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CIR v.

CA, CTA, Ateneo De Manila University

Facts: Ateneo de Manila University, is a non-stock, non-profit educational institution with

auxiliary units and branches all over the Philippines. One auxiliary unit is the Institute of
Philippine Culture (IPC), which has no legal personality separate and distinct from that of
private respondent. The IPC is a Philippine unit engaged in social science studies of
Philippine society and culture. Occasionally, it accepts sponsorships for its research activities
from international organizations, private foundations and government agencies. On 8 July
1983, private respondent received from Commissioner of Internal Revenue (CIR) a demand
letter dated 3 June 1983, assessing private respondent the sum of P174,043.97 for alleged
deficiency contractor’s tax, and an assessment dated 27 June 1983 in the sum of P1,141,837
for alleged deficiency income tax, both for the fiscal year ended 31 March 1978. Denying
said tax liabilities, private respondent sent petitioner a letter-protest and subsequently filed
with the latter a memorandum contesting the validity of the assessments. On 17 March
1988, petitioner rendered a letter-decision cancelling the assessment for deficiency income
tax but modifying the assessment for deficiency contractor’s tax by increasing the amount
due to P193,475.55. Unsatisfied, private respondent requested for a reconsideration or
reinvestigation of the modified assessment.

At the same time, it filed in the respondent court a petition for review of the said letter-
decision of the petitioner. While the petition was pending before the respondent court,
petitioner issued a final decision dated 3 August 1988 reducing the assessment for
deficiency contractor’s tax from P193,475.55 to P46,516.41, exclusive of surcharge and
interest. On 12 July 1993, the respondent court set aside respondent’s decision, and
cancelling the deficiency contractor’s tax assessment in the amount of P46,516.41 exclusive
of surcharge and interest for the fiscal year ended 31 March 1978. No pronouncement as to
cost. On 27 April 1994, Court of Appeals, in CA-GR SP 31790, affirmed the decision of the
Court of Tax Appeals. Not in accord with said decision, petitioner came to Supreme Court via
a petition for review.


Whether the private respondent is taxable as an independent contractor.

Held: The Commissioner erred in applying the principles of tax exemption without first
applying the well-settled doctrine of strict interpretation in the imposition of taxes. It is
obviously both illogical and impractical to determine who are exempted without first
determining who are covered by the aforesaid provision. The Commissioner should have
determined first if private respondent was covered by Section 205, applying the rule of strict
interpretation of laws imposing taxes and other burdens on the populace, before asking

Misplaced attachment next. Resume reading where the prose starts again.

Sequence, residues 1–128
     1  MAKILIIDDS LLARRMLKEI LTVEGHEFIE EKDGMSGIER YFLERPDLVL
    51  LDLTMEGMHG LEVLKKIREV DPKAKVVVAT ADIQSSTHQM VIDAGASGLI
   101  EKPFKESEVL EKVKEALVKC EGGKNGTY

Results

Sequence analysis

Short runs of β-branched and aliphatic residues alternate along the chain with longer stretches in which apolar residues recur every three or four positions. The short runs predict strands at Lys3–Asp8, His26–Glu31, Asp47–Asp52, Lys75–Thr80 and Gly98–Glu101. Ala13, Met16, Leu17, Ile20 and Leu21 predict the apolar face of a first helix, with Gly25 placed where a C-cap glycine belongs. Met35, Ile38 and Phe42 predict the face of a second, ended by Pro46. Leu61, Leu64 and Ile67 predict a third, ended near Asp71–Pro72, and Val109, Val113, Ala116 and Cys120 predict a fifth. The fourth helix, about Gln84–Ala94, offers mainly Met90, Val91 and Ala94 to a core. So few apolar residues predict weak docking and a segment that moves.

Ateneo to prove its exemption therefrom, following the rule of construction where “the tax
exemptions are to be strictly construed against the taxpayer”.

The doctrine in the interpretation of tax laws is that a statute will not be construed as
imposing a tax unless it does so clearly, expressly, and unambiguously. Tax cannot be
imposed without clear and express words for that purpose. Accordingly, the general rule of
requiring adherence to the letter in construing statutes applies with peculiar strictness to tax
laws and the provisions of a taxing act are not to be extended by implication.” In case of
doubt, such statutes are to be construed most strongly against the government and in favor
of the subjects or citizens because burdens are not to be imposed nor presumed to be
imposed beyond what statutes expressly and clearly import. In the present case, Ateneo’s
Institute of Philippine Culture never sold its services for a fee to anyone or was ever engaged
in a business apart from and independently of the academic purposes of the university.
Funds received by the Ateneo de Manila University are technically not a fee. They may
however fall as gifts or donations which are “tax-exempt” as shown by private respondent’s
compliance with the requirement of Section 123 of the National Internal Revenue Code
providing for the exemption of such gifts to an educational institution.

The Supreme Court denied the petition and affirmed the assailed Decision of the Court of
Appeals. The Court ruled that the private respondent is not a contractor selling its services
for a fee but an academic institution conducting these researches pursuant to its
commitments to education and, ultimately, to public service. For the institute to have
tenaciously continued operating for so long despite its accumulation of significant losses, we
can only agree with both the Court of Tax Appeals and the Court of Appeals that “education
and not profit is motive for undertaking the research projects.